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Bible Studies for Life Sunday School Lesson for May 8

Will Kynes, Ph.D.
Associate Professor of Biblical Studies, Samford University


Matthew 24:23–31

When times get tough, people long for a hero, a savior to deliver them from affliction. The recent war in Ukraine, for example, catapulted Ukraine’s president, Volodymyr Zelenskyy, onto the world stage. However, no human, even one as brave and resolute as Zelenskyy, can bear the weight of our ultimate hopes for justice and divine blessing. There is only one true Messiah. Though tribulations like those Jesus warns of in Matthew 24 may leave us longing for a savior, Jesus encourages us not to be deceived. The true Messiah will be unmistakable.

Guard against deception by false messiahs. (23–25)

During this time of intense tribulation for which Jesus is preparing His disciples in Matthew 24, people will long for a messiah, someone to deliver them. The power hungry will seek to capitalize on that credulity. False messiahs will promise salvation, and false prophets will claim inspired insight. Craving hope, even God’s chosen people will be tempted to put their trust in them. But Jesus warns when such claims are made, “Do not believe it.”

Creation itself will announce the return of Christ. (26–29) 

The Messiah will not be out in the wilderness as John the Baptist was (Matt. 3:1–12) or hiding in the inner rooms. No human will need to announce His location. Instead, like lightning flashing across the sky, the return of the Son of Man will be visible to all and missed by none. 

Here, Jesus finally answers the disciples’ request for the sign of His coming (v. 3). He reinforces his meteorological simile with a proverb. As surely as a gathering of vultures signals a carcass, so the sign of His coming will be clearly recognizable. Drawing on imagery from the prophets (Isa. 13:10, 34:4; Joel 2:10), Jesus expands the witness to the Messiah’s return in the skies. We might say that de-creation, rather than creation, announces Christ’s return, as this imagery of the celestial lights being darkened reverses God’s creative acts on the fourth day of Genesis 1 (vv. 14–19).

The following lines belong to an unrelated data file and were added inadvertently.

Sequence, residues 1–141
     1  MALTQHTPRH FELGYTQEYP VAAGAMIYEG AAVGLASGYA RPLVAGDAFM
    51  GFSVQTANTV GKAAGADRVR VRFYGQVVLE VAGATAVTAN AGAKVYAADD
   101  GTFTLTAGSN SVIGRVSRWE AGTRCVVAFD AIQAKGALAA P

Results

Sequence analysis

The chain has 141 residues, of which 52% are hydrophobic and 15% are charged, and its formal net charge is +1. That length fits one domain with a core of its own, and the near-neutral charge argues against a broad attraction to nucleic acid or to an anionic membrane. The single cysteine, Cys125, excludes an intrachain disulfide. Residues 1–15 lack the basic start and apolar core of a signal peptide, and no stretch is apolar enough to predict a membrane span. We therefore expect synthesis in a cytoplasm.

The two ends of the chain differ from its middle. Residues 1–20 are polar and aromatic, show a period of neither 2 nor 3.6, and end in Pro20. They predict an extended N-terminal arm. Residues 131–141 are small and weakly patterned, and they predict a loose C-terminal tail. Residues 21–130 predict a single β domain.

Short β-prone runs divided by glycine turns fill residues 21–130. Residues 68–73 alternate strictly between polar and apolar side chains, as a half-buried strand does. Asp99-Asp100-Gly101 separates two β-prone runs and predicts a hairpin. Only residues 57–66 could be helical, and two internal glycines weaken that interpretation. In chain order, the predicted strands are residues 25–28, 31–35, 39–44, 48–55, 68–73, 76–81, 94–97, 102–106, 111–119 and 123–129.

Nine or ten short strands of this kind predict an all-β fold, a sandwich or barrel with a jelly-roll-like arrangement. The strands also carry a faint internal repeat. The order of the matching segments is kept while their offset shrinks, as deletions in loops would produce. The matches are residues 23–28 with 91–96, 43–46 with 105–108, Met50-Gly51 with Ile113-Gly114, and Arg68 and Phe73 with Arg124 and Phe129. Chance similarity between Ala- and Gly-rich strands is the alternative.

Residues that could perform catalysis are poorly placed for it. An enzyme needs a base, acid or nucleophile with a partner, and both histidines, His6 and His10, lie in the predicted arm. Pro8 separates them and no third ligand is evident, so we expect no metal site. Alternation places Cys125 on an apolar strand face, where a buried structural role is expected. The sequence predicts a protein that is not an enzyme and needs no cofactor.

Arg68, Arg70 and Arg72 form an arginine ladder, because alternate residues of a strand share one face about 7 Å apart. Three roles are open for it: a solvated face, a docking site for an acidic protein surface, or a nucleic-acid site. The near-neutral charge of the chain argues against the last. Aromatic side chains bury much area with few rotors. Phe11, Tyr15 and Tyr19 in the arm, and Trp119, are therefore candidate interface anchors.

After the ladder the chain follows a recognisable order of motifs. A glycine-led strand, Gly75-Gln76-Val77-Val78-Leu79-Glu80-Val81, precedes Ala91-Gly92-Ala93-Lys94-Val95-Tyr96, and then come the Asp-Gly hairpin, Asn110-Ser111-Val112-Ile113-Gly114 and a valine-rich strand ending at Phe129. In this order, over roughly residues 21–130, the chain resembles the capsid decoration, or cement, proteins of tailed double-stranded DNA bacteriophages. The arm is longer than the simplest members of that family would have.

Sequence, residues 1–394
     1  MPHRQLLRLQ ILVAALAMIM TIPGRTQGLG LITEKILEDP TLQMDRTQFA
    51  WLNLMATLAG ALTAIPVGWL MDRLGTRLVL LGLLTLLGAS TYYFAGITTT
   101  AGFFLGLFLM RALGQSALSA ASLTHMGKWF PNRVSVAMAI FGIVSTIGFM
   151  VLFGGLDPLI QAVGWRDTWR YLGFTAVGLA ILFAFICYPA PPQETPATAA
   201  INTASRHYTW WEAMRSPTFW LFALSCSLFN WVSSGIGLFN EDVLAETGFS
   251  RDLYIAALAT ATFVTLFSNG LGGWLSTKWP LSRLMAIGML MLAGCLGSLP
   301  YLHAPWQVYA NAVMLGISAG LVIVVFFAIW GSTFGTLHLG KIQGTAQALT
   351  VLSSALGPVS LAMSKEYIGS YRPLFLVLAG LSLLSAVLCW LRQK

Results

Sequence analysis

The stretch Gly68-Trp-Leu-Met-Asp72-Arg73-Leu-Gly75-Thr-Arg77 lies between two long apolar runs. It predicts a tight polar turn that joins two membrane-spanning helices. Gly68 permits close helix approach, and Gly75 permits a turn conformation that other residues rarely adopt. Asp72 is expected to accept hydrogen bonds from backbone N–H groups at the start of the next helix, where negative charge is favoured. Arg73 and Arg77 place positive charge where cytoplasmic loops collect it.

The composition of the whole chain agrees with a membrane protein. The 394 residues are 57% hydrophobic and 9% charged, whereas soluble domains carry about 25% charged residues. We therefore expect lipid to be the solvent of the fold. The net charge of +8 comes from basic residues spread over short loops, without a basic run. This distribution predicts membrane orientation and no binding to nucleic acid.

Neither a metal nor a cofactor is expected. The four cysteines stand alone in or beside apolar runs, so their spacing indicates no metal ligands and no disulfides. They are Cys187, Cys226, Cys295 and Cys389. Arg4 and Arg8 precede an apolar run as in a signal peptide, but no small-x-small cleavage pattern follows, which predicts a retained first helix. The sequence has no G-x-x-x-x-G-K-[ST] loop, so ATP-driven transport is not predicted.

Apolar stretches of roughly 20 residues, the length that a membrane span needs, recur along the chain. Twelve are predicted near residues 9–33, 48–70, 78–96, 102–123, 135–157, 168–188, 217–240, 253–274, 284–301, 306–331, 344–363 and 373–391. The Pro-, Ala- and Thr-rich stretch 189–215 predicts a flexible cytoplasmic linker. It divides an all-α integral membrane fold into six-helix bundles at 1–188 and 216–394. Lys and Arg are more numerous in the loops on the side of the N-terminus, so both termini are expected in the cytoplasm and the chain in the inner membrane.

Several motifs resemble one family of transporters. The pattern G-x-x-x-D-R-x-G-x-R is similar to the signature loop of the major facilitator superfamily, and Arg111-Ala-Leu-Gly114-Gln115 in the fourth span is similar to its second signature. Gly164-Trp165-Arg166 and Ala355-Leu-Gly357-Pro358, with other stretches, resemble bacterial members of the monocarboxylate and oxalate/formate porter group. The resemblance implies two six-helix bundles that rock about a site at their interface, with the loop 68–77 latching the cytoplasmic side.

The return of Christ will be unmistakable and obvious. (30–31) 

The day of the Lord will be a day of judgment. Along with deliverance for the elect, those the Lord has chosen “from the four winds, from one end of the heavens to the other” (see also Zech. 2:10), judgment will come against those who have subjected them to the tribulations. The reference to the “mourning” of “all the peoples” or tribes is repeated from Zechariah 12:10–14, where it refers to all of Israel mourning over “the One they have pierced.”

Revelation picks up this language, and like Matthew, combines it with Daniel’s vision of the Son of Man “coming with the clouds” (Rev. 1:7; Dan. 7:13). The sign of the Son of Man in heaven will be the unmistakable indication of His triumph over wickedness, injustice and sin and, in His vindication, of the blessing of His people, Jew and Gentile from across the earth, gathered together in His presence.

We should celebrate and support those heroes whom the Lord uses to bring justice and restoration to this broken world in all sorts of ways, large and small. But we should not be deceived (or deceive ourselves) into thinking they are our true messiahs. Do not believe it. One day, Jesus will make all things right, ushering in a new heaven and earth, and people “from every nation, tribe, people and language” will declare, “Salvation belongs to our God, who sits on the throne, and to the Lamb” (Rev. 7:9–10).

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